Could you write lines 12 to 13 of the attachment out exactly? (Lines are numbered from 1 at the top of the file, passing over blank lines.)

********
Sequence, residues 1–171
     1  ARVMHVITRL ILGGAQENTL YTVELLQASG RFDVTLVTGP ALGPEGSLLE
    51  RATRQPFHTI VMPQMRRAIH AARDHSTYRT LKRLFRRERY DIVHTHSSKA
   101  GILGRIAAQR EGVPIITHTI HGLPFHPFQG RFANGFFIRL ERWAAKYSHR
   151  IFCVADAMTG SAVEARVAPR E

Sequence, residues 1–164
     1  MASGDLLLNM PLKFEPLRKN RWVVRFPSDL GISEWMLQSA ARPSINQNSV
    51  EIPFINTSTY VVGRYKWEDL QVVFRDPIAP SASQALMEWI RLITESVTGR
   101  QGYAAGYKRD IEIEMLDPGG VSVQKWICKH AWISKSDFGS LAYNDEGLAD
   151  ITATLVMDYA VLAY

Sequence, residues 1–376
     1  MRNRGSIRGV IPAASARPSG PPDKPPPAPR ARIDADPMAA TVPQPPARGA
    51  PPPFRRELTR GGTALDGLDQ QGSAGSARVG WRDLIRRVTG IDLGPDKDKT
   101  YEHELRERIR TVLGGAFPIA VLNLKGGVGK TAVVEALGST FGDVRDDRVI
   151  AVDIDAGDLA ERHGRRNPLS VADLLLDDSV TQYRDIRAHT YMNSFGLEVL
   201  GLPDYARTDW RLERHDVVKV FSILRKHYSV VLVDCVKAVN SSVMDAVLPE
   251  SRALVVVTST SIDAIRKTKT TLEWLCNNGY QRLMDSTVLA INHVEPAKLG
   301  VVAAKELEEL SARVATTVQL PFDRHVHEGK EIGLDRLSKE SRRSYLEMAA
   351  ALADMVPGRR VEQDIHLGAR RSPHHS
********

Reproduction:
     1  MRNRGSIRGV IPAASARPSG PPDKPPPAPR ARIDADPMAA TVPQPPARGA
    51  PPPFRRELTR GGTALDGLDQ QGSAGSARVG WRDLIRRVTG IDLGPDKDKT